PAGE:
What can you do during the summer break to ensure your next school year is your best ever? First, do take a break and disconnect. If you cannot travel, due to the ongoing pandemic, try to get together with family and friends for some fun quality time. When you’re ready to plan ahead, here are ten things you can do during summer break to have a successful teaching year.
Are there features on that SMARTboard you would like to know how to use? Are there teaching platforms you would like to play around with so you will look ready and professional if your school year begins online? Is there a course you can take to learn how to design online teaching materials? Are you comfortable using online parents/teacher communication channels? How about some great online educational games which could spice up your lesson?
2–Design/arrange your classroom
Are there things that didn’t work well that you would like to do differently? For example, change/rearrange furniture, files and folders, posters and displays, supplies, carpets, etc.
3–Familiarise yourself with the curriculum
Make sure you understand the objectives and ask questions if you don’t. Understand how flexible your teaching can be- are there any ready made materials which you must use or do you have to create your own? If the teaching is topic based, ensure you have ready materials, fabric, poster ideas, online worksheets, costume requirements, etc, all ready and clear not only for you as teacher but for the class parents as well.
4–Assess your classroom management
Ensure your routines are clearly laid out. For example, how do you start the class each day? Do you pass register, do kids sign their names as they walk in or do they wait for you in front of, or outside, the classroom? How do you handle restroom turns? How do allowed to speak- do they raise their hands? Can they ask their partners questions? How are students disciplined? Familiarise yourself with school policies on behaviour and discipline. Do you have activities for the fast learners when they finish early? What is your dismissal routine?
5–Create processes for handling communication/reports
Mark your deadlines on a calendar for completing reports and giving them to parents/school admin. Familiarise yourself with the kind of reports the school expects you to write- some schools want them more detailed than others. Ask for a sample and analyse the language used, the depth of the report and areas you’re expected to work on and therefore should keep an eye on throughout the school year. Do you have a daily communication book with the parents? Think about when you can allocate time during the day to write to the parents. What will you do in case of behavioural issues? Who should you approach first? Does it have to be in person, email, are parents involved (when?)? Think about parent/teacher conferences- how often do they occur, how long are they and what do you need to have ready to discuss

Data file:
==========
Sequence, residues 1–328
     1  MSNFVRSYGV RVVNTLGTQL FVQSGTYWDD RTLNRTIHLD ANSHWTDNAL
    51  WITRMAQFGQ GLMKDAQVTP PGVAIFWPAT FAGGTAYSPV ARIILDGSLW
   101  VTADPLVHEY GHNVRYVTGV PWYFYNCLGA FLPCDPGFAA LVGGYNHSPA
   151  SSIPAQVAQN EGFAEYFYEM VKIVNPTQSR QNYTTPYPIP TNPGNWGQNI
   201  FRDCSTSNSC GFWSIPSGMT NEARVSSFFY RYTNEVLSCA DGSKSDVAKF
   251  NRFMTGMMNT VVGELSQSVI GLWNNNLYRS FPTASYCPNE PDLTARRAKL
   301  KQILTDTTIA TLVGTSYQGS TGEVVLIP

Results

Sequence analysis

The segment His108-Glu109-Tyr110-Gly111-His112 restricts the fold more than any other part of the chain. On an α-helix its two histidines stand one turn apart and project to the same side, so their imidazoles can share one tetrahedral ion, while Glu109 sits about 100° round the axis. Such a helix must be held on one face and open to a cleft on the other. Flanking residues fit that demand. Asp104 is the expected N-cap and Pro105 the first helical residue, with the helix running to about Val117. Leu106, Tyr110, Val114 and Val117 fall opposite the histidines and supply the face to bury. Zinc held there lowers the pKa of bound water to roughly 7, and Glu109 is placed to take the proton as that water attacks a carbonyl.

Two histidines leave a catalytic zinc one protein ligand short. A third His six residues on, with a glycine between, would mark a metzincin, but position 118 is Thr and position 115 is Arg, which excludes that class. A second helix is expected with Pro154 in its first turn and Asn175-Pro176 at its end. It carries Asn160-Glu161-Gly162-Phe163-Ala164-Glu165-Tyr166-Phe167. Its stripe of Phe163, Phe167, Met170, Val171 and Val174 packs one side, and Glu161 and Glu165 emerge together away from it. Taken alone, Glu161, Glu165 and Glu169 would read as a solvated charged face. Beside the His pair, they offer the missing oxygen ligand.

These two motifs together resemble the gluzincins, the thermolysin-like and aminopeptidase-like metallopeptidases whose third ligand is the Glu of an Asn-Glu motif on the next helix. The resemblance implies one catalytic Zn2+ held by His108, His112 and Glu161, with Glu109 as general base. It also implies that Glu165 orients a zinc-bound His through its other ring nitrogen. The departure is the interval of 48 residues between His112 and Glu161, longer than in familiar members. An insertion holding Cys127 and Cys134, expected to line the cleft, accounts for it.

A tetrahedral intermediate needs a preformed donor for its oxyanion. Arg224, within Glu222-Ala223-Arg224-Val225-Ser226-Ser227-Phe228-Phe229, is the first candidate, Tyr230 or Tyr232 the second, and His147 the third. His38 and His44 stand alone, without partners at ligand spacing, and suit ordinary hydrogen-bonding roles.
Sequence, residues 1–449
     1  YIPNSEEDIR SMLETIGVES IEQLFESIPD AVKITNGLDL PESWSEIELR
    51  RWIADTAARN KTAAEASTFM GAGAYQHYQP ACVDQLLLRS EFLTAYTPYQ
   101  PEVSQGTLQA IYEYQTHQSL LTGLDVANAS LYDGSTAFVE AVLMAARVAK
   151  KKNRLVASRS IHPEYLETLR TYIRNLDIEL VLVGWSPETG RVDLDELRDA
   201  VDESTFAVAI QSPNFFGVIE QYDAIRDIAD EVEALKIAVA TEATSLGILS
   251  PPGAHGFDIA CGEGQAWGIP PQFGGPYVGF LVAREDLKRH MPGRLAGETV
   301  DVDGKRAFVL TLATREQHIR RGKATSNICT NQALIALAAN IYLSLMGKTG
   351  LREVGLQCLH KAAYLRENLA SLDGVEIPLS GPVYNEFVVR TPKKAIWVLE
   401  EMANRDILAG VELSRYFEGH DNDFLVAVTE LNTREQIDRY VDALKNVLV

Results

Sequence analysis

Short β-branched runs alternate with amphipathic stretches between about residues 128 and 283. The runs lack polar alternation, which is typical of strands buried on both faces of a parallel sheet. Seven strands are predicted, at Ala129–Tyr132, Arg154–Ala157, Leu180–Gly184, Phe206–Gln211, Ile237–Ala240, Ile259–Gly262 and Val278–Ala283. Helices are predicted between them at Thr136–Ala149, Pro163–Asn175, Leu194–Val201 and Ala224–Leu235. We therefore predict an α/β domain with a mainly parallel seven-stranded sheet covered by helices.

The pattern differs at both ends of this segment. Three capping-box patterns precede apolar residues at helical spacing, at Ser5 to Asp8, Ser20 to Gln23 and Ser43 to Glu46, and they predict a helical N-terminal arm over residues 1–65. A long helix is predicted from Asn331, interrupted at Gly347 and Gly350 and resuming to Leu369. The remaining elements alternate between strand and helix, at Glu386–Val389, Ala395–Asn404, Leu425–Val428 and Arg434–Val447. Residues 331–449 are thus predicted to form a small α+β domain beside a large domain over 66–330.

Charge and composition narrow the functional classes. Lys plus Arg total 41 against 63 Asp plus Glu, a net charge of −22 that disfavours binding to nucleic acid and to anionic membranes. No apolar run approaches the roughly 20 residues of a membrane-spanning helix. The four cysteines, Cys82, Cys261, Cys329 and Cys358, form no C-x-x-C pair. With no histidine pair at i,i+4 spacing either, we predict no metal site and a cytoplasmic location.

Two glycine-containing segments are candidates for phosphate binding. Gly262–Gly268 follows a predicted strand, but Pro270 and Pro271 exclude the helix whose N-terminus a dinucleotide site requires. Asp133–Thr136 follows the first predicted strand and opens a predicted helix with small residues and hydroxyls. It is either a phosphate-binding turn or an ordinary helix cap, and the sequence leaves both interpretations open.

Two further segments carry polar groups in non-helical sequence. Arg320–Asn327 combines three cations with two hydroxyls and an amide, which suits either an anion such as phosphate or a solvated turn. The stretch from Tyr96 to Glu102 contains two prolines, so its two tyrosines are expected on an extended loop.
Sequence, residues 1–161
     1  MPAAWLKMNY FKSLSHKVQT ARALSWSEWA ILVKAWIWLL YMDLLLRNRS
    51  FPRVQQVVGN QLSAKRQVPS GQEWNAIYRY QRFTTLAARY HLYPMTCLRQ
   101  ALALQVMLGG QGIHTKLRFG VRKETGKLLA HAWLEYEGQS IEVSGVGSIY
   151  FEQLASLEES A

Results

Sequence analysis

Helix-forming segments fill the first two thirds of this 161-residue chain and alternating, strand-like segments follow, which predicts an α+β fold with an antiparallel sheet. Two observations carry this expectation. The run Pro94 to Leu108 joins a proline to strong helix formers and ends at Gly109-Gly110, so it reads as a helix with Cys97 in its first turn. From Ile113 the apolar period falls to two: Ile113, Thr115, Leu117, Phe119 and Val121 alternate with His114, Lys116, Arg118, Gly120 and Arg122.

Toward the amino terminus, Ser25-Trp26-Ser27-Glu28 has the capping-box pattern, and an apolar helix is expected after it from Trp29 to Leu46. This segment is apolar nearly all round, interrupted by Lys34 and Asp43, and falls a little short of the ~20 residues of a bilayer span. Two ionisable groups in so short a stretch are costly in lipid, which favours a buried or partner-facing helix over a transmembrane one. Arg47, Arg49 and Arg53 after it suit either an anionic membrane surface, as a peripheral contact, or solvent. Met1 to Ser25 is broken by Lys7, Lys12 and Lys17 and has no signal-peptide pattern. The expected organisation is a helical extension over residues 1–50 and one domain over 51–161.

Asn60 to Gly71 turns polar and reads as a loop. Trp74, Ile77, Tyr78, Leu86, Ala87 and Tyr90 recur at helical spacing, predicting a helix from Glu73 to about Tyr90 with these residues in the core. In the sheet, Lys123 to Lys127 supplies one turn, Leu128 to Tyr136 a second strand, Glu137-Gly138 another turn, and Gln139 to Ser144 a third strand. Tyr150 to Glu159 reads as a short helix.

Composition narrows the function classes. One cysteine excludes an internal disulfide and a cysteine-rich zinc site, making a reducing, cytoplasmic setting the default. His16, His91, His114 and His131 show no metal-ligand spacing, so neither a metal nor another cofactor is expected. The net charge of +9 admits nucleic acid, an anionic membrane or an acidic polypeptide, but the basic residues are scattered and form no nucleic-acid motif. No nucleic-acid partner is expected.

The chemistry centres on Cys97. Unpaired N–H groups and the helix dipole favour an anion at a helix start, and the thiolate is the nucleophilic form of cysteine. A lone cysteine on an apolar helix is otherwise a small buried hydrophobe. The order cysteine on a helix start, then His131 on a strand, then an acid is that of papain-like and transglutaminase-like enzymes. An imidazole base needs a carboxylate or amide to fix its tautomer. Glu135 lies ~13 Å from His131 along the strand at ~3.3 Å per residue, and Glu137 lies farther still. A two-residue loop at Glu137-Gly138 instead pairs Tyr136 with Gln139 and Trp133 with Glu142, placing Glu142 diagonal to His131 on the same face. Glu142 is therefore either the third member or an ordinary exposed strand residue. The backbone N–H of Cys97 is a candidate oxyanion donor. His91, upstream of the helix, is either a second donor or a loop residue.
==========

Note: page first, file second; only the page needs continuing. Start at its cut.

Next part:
6–Understand your subject matter
You might be an experienced teacher, but what if it’s the first time you have to teach a certain age group. It might be an age group you find quite difficult but you have no choice. Talk to teachers with more experience with that subject/class/age group, share ideas, ask for useful materials, online links, tips and advice on how to excel. After 20 years of teaching I know exactly what age groups and kinds of students I prefer, but I also know how to deal with situations when my preferences aren’t met.
Most schools provide you with all the supplies you need to create wonderful posters, displays and prizes to stimulate competition and learning. However, not all schools are in a position to do that, so I suggest that while on your summer break, you visit yard sales for second hand books and dollar shops for bargains such as Post-its, stamps, stickers, crayons, ribbons and decorations, etc.
8–Set professional goals
What professional development opportunities does the school offer? Is there anything you’d like to excel in, develop more or study? Does the school support outside professional development? Is there anything you could offer the school based on your experience? Any workshops you’d like to lead/teach/share? Any responsibilities you’d like to take up?
9–Familiarise yourself with your students
Students love it when their teacher knows their name and knows a bit about them: their hobbies, something they’re good at, their siblings, etc. Learn your students’ names and make sure you know how to pronounce them correctly. Learn if their parents communicate well in English, or other communication methods might be necessary. I had a family who couldn’t speak English and they asked me to write everything on the student’s daily communication booklet and they would have everything translated and replied in writing as well. Read their previous reports, learn about students who need help and what type of support might work best. Talk to the students’ previous teacher for tips and advice.
10–Look after your own physical and mental health
Were you stressed the previous school year? If so, why? What can you do about it? What has/hasn’t worked in the past? Does the school offer gym vouchers/membership you can benefit from? What relaxes you the most? How can you ensure that you have time for it? If you’re in a new country, ensure you know where where your favorite “relaxation havens” are located: gyms, spsa, sport arenas, yoga studios, international gatherings, walks and trips, etc.